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    I don't know, but would think the normal rules apply. You acquire a property - if you live in it the main residence exemption can apply, if you don't it cannot. Not sure what the cost base would be.
     
  13. datto

    datto Well-Known Member

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  14. datto

    datto Well-Known Member

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    They call me quick draw :D
     
  15. Terry_w

    Terry_w Solicitor, Finance Broker, CTA Business Member

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    It can also apply to property purchased after 20 Sept 1985, See row 1 in the table of s 118-195.:
    AND

    For some reason the row 2 in the table , which relates to pre CGT property, doesn't give any discretion to the commission to extend the 2 years.
     
  16. datto

    datto Well-Known Member

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    It's getting too difficult now. I can't even see column 3.

    If I ever got questioned I'd refer them to their website (and keep a photo copy)
     
  17. datto

    datto Well-Known Member

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    Looks like winnings are exempt from CGT:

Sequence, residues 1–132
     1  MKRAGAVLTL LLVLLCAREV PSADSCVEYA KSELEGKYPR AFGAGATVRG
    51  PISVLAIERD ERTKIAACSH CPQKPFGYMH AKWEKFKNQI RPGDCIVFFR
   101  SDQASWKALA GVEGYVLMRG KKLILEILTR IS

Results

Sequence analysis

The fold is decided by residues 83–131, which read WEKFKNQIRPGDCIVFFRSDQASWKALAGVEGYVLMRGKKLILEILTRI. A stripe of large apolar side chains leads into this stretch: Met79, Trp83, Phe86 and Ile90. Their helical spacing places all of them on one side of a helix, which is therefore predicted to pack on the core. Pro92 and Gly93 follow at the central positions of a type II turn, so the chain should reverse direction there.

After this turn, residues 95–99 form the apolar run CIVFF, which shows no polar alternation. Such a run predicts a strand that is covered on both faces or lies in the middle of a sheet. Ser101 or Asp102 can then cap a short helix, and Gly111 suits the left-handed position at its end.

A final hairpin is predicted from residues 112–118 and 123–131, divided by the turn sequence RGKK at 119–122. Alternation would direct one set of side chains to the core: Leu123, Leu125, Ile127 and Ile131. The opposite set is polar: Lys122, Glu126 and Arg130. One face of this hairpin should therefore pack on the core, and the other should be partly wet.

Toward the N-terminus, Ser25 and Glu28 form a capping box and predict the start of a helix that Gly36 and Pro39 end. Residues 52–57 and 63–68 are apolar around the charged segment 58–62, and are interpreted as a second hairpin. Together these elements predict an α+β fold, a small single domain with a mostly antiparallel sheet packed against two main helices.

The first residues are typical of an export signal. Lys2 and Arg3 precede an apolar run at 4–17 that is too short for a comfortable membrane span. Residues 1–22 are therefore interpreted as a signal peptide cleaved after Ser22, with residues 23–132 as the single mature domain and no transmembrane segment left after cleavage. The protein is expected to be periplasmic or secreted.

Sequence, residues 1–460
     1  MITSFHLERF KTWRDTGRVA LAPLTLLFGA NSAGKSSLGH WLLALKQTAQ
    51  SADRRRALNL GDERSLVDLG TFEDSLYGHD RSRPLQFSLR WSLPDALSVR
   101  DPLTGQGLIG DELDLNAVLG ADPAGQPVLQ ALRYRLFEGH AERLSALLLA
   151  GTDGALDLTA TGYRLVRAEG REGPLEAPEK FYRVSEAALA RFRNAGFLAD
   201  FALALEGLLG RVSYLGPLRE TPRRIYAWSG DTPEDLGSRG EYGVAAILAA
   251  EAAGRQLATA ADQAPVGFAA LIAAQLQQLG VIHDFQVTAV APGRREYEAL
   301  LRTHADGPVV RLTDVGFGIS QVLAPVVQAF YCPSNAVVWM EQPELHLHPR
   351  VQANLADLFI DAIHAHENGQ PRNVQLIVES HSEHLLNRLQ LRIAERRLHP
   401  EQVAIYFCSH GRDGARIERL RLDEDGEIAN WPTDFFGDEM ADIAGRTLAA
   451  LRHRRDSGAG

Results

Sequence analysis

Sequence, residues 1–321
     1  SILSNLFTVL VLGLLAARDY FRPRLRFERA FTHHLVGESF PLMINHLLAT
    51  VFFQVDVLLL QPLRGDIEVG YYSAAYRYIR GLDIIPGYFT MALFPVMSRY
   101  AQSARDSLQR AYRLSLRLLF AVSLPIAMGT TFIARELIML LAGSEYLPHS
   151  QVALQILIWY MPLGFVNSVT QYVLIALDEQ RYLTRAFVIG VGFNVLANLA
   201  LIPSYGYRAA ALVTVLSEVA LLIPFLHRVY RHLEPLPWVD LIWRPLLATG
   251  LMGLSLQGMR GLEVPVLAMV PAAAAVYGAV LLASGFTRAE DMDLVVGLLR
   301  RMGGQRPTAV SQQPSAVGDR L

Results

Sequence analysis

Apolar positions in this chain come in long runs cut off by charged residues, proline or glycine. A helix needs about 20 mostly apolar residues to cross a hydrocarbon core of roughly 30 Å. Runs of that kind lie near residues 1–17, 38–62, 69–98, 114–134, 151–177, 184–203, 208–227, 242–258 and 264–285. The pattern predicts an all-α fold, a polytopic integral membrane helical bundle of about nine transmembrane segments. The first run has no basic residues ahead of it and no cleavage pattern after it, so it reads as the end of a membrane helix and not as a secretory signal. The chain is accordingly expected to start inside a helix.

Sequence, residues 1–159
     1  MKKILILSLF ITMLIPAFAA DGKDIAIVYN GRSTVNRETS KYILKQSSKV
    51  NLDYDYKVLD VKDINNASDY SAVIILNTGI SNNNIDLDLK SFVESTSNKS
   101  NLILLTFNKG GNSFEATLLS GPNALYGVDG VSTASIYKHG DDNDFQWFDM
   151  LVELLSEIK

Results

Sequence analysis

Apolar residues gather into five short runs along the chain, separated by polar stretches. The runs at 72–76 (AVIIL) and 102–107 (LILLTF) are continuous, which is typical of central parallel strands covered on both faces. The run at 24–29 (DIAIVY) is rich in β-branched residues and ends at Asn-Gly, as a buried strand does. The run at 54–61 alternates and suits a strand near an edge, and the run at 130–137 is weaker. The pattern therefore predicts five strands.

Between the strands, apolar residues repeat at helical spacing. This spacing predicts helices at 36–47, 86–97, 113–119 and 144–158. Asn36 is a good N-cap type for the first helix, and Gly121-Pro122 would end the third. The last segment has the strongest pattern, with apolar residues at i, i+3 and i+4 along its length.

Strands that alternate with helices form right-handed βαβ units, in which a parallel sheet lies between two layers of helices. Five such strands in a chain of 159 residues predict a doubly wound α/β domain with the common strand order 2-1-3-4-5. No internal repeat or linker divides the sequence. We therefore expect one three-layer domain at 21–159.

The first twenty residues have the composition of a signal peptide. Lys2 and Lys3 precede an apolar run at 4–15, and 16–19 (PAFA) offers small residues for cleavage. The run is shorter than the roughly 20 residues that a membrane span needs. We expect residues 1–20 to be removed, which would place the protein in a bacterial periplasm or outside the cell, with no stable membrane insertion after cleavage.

"winnings or losses from gambling, a game or a competition with prizes"

    Exemptions | Australian Taxation Office
     
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  18. D.T.

    D.T. Adelaide Property Manager Business Member

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    Thanks - I wonder if it's 'forever' ?
     
  19. Terry_w

    Terry_w Solicitor, Finance Broker, CTA Business Member

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    If you receive a gift the 'market substitution rule' will probably apply so when you sell it your cost base will probably be the value at acquisition.
     
  20. datto

    datto Well-Known Member

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    I only go by what's on the ato website. I got no credentials, only street creds and no certificate was ever issued.